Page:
I’m human, so I must eat to survive, and I’m human, so I have feelings that are sometimes uncomfortable, unexplainable or irrational. That combo of humanity means I often “eat” my emotions, whether it’s a celebratory bowl of chocolate mousse or a comforting hunk of tender pot roast. Sometimes the result is pure elation and deliciousness and sometimes the result is just more itchy feelings and extra pounds on my derriere. Oh, the conundrum in which I find myself…
As far as I know, humans are the only species on earth that eat not just to satiate hunger, but we eat when we’re happy, when we’re sad or when we’re just bored. I think it’s a pretty good assumption that our relationship with food is way more complex than that of say, a dog. If you have a dog that you feed the same food for breakfast, lunch and dinner, and even the same treats over and over again, you know what I’m talking about. No matter what I put in my dog’s bowl for meal time, she sits at my feet, staring up at me eagerly, and then goes to town chomping down a combo of kibble and mushy mystery meat, licking up all the juices left in the corners of her bowl. Every. Single. Day. And still she’s happy, satisfied and nourished. If all of us could have the life a dog…
Back to being human. Our food decisions are complex, and if eating was simply about refueling our bodies, we wouldn’t have obesity issues and eating disorders. I’m not a scientist, but I’m pretty sure there’s all sorts of synapses, releases and breakdowns, and chemical reactions going on inside our bodies and souls when we eat, triggering biological AND emotional sensations that make us eat even when we’re not hungry. Talk about complexity!
For me, cooking and eating is about creativity…creativity in the pan, on the plate and on the palate. It’s an expression of pure, simple love. And as I wrote in a previous blog, I find solace when I cook. When I’m feeling content and light, a well-composed salad with lots of color looks especially appealing. When I’m feeling sort of blah and unsettled, I love a good braised meat and veggie dish, and when I’m downright uncomfortable, a big ole pot roast feels like a giant hug from the inside out. What better food to fill me up, literally and figuratively, and nourish me at the same time?
Pot roast is just plain comfortable — what, with its marvelously tender texture contrasted with bright orange carrots (if everything is cooked well, of course); and with its warming-cooking-liquid-turned-meaty-broth, it just might be the ultimate comfort food. One bite of a perfectly cooked pot roast that effortlessly separates with just a fork, and my soul and my belly are reassured. Whether it was angst, distress or unease, it all just melts away with one simple bite. Any discomfort somehow tastes beefy, rich and delicious. I can’t think of a more perfect dish.
Perfect Midwestern Pot Roast
- 1 3-4 lb. beef chuck roast (either bone-in or boneless is fine)
- 2 Tablespoons grapeseed oil
- Lots of salt and pepper
- 32 oz. of chicken or beef broth
- 1 large onion cut into quarters
- 2 stalks of celery cut into two-inch pieces
- 3 carrots cut into two-inch pieces
- 1 bunch of fresh oregano
- 1 bunch of fresh rosemary
- 2 dried bay leaves
- 1 3-inch piece of fresh ginger, cut into two pieces
- 1 lemon cut in half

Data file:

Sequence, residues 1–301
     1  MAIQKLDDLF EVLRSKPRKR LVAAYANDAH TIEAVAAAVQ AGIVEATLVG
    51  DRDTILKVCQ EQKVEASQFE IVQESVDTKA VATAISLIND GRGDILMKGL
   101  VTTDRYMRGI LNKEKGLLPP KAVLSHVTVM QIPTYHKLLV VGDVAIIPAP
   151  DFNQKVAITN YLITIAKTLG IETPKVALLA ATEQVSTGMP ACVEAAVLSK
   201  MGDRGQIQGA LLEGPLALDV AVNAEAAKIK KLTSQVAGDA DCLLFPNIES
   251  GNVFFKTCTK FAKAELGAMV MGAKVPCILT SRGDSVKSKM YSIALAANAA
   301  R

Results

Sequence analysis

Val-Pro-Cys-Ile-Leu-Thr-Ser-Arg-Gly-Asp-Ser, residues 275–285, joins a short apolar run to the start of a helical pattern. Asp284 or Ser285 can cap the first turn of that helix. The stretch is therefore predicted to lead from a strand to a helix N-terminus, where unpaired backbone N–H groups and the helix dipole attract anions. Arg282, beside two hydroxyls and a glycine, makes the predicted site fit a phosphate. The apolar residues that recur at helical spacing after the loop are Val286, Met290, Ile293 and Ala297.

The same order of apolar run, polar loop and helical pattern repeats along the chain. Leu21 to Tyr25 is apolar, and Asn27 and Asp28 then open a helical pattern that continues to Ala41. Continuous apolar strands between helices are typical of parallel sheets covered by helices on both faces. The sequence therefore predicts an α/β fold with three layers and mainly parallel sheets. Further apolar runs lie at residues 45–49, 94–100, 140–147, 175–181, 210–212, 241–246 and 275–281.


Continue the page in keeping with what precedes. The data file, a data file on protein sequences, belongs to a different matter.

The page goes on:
- 12 cloves of garlic, peeled and smashed
- 1 small onion, cut into wedges
- 3 carrots and/or parsnips, peeled and cut into bite-sized pieces
- 3 handfuls of small mixed potatoes
- Fresh flat-leaf parsley, coarsely chopped
Bring roast to room temperature and generously salt and pepper it. Heat oil in a large pan, preferably your crock pot pan if it’s heat-safe. Brown the roast on all sides (about five minutes per side). Transfer your pan to your crock pot and add broth through the garlic. Set your crock pot to high and leave for four hours, flipping the roast half way through cooking. Lower the heat to low and cook for another two hours, again flipping the roast half way through cooking.*
Remove the roast from the cooking liquid and set aside. Strain the cooking liquid, reserving the liquid and discarding the solids (the veggies are mush at this point and sort of tasteless). Add the roast and reserved liquid back into your crock pot pan and add the fresh onion, carrots and potatoes. Cook in your crock pot another hour or until the veggies are tender to your liking. Serve roast pieces with cooked onions, carrots, potatoes and a ladle-full of broth.** Garnish with fresh parsley.
*Please note that every crock pot is different, so if you want to cook your roast over night or while you’re at work, set the temperature to low and leave it. It’s really hard to screw this up, so don’t stress if you’re not home to flip it or adjust the temperature.
**I prefer a thin broth-like gravy. If you want a thicker gravy, make a roux of flour and melted butter and whisk it into the cooking liquid once you’ve removed the roast to serve it. Cook for about 10 minutes, and it should incorporate, making the gravy a bit thicker.
By the way, I have to give a shout out to Snow Creek Ranch, a family ranch in Larkspur, Colorado. Plus, Snow Creek Ranch has roots in Kansas, and I have roots in Kansas, so I love them even more. They’re family owned and operated and raise their cattle humanely, “the old-fashioned way.” The hunk of meat I used in this recipe is a Snow Creek Ranch Larkspur roast. I bought one of their meat packages at the Denver South Pearl Street Farmers Market at end of the season, and I’m so glad I did!